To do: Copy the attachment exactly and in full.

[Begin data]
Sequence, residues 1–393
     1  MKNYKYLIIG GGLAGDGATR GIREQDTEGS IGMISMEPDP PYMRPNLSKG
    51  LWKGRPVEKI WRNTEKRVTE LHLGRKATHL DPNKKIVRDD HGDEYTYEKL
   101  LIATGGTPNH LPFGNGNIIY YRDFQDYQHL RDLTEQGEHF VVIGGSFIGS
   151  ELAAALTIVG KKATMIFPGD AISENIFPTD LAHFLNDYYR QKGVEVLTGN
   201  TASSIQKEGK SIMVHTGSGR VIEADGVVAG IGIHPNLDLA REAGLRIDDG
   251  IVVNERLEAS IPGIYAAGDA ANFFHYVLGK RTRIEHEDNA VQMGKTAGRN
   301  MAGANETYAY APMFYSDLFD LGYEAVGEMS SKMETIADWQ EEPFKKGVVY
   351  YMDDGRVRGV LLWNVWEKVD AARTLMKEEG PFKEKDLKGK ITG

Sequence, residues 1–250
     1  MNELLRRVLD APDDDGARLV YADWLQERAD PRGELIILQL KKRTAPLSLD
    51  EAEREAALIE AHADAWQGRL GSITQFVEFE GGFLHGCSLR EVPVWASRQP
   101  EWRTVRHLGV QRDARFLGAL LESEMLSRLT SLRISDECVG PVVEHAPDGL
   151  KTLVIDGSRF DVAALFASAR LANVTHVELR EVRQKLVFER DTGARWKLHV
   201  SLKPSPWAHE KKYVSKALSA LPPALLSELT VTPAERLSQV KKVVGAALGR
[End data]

Sequence, residues 1–393
     1  MKNYKYLIIG GGLAGDGATR GIREQDTEGS IGMISMEPDP PYMRPNLSKG
    51  LWKGRPVEKI WRNTEKRVTE LHLGRKATHL DPNKKIVRDD HGDEYTYEKL
   101  LIATGGTPNH LPFGNGNIIY YRDFQDYQHL RDLTEQGEHF VVIGGSFIGS
   151  ELAAALTIVG KKATMIFPGD AISENIFPTD LAHFLNDYYR QKGVEVLTGN
   201  TASSIQKEGK SIMVHTGSGR VIEADGVVAG IGIHPNLDLA REAGLRIDDG
   251  IVVNERLEAS IPGIYAAGDA ANFFHYVLGK RTRIEHEDNA VQMGKTAGRN
   301  MAGANETYAY APMFYSDLFD LGYEAVGEMS SKMETIADWQ EEPFKKGVVY
   351  YMDDGRVRGV LLWNVWEKVD AARTLMKEEG PFKEKDLKGK ITG

Sequence, residues 1–250
     1  MNELLRRVLD APDDDGARLV YADWLQERAD PRGELIILQL KKRTAPLSLD
    51  EAEREAALIE AHADAWQGRL GSITQFVEFE GGFLHGCSLR EVPVWASRQP
   101  EWRTVRHLGV QRDARFLGAL LESEMLSRLT SLRISDECVG PVVEHAPDGL
   151  KTLVIDGSRF DVAALFASAR LANVTHVELR EVRQKLVFER DTGARWKLHV
   201  SLKPSPWAHE KKYVSKALSA LPPALLSELT VTPAERLSQV KKVVGAALGR